No one would have thought that the Fast and the Furious franchise would become the action juggernaut it has transformed into. But there is one question mark in the midst of those films, the threequel Tokyo Drift. With a different setting and set of characters, Tokyo Drift is the black sheep of the family, having nothing but a cameo featuring Vin Diesel. And despite its 2006 technology, it's apparently set between the sixth and seventh films. But now it appears that Diesel was originally meant to star in the movie.
Screenwriter and producer Chris Morgan has had his hand in every Fast and Furious movie since Tokyo Drift, which he also wrote. In a recent interview, Morgan revealed that the oddball threequel was originally written as another adventure for Vin Diesel's Dom, saying:
Now that would have made much more sense. Tokyo Drift was essentially a standalone film, completely ignoring the events of the previous two movies. Sure, Dom showed up at the tail end to race protagonist Sean, but that was little more than a quick cameo. But transporting Dom to Tokyo in order to learn the art of the drift and solve a murder sounds like a sequel more in line with the rest of the franchise.
So what happened? The whole debacle was actually Vin Diesel's doing, as he turned down Tokyo Drift in order to star in 2002's xXx. Chris Morgan explained in the same Uproxx interview how they switched tactic with the direction of the movie:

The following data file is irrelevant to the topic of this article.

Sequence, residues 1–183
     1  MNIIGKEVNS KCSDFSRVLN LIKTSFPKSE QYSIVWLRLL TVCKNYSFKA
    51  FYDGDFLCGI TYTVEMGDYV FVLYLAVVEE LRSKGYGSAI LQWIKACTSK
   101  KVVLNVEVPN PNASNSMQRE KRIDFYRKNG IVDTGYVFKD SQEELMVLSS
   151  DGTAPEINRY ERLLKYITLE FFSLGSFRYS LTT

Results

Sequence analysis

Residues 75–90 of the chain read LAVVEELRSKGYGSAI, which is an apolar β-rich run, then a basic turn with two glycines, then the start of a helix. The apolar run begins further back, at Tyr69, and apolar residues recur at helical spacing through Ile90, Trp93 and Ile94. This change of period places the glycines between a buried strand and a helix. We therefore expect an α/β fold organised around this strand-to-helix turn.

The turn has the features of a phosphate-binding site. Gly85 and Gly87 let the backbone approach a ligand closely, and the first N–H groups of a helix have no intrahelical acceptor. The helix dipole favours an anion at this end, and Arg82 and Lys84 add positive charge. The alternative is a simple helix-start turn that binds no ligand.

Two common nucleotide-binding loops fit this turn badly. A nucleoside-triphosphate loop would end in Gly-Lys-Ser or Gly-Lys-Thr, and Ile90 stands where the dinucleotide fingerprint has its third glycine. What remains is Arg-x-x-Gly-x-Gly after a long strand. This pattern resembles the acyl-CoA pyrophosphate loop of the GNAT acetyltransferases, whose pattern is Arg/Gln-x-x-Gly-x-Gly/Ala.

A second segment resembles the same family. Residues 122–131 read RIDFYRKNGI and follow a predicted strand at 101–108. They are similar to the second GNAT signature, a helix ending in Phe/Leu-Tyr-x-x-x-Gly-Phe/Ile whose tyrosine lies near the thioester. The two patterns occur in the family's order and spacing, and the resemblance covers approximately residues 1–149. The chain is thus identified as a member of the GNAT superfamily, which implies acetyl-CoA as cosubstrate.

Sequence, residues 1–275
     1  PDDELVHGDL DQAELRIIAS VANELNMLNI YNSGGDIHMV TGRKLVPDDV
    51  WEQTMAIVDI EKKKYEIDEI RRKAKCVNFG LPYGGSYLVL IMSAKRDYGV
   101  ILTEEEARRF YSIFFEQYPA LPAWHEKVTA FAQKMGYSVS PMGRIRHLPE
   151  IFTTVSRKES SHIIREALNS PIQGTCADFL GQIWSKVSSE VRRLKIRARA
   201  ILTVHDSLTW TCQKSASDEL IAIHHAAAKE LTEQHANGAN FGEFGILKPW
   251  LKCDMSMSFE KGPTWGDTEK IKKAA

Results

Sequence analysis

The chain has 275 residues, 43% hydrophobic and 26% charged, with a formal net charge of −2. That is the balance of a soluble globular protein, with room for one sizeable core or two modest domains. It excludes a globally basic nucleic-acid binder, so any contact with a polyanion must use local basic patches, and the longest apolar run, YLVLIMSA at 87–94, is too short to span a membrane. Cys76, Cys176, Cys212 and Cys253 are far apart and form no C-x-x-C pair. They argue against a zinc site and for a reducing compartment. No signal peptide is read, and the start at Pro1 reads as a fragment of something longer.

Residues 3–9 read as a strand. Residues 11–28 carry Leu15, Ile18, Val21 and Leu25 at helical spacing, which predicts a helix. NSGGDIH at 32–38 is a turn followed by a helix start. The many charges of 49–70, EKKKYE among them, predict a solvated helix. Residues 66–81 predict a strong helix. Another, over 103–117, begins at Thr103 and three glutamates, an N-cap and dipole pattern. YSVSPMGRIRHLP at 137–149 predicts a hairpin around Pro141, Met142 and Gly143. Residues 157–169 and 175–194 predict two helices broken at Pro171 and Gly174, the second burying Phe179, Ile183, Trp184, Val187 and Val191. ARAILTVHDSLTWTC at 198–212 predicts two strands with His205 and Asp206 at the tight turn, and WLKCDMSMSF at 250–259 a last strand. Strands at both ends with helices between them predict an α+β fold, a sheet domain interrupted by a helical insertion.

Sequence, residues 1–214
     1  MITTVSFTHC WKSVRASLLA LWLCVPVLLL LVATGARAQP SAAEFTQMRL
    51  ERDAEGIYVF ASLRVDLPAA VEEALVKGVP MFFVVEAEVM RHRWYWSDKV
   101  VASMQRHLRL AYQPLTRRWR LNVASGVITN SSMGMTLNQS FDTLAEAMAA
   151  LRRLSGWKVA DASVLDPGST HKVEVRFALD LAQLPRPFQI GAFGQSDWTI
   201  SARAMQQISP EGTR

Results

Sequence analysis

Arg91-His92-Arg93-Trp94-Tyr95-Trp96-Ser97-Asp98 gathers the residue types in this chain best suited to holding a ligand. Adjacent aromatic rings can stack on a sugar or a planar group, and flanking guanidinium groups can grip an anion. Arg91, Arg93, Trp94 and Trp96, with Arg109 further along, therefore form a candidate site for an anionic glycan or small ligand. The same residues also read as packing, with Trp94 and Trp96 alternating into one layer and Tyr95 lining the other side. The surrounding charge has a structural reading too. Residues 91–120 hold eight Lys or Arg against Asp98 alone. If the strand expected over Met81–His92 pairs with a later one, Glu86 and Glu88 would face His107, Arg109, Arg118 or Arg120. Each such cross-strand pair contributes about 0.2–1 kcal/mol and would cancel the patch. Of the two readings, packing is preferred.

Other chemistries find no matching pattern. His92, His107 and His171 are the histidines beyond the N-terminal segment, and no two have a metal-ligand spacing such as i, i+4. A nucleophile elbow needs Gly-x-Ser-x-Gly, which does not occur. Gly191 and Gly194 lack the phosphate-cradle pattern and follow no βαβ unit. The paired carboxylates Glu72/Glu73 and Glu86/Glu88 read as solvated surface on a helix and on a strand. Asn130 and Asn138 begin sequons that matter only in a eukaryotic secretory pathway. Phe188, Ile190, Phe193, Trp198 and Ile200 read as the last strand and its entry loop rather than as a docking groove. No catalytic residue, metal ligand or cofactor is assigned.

You win some, you lose some. And a country bumpkin moving to Tokyo to drift and hang out with Bow Wow is definitely a loss. That isn't to say that Tokyo Drift wasn't a box office success, as it made $158.5 million on a $85 million budget. And Vin Diesel's cameo surely hinted at the future of the property, leaving the door open for the franchise to be re-explored with 2009's Fast & Furious.
The Tokyo Drift will be brought closer to the main franchise when The Fate of the Furious finally arrives in theaters. Actor Lucas Black will reprise his role as Sean (the lead character from Tokyo Drift) in the next movie, bringing the black sheep back into the fold.
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Corey was born and raised in New Jersey. Graduated with degrees theater and literature from Ramapo College of New Jersey. After working in administrative theater for a year in New York, he started as the Weekend Editor at CinemaBlend. He's since been able to work himself up to reviews, phoners, and press junkets-- and is now able to appear on camera with some of his favorite actors... just not as he would have predicted as a kid. He's particularly proud of covering horror franchises like Scream and Halloween, as well as movie musicals like West Side Story. Favorite interviews include Steven Spielberg, Spike Lee, Jamie Lee Curtis, and more.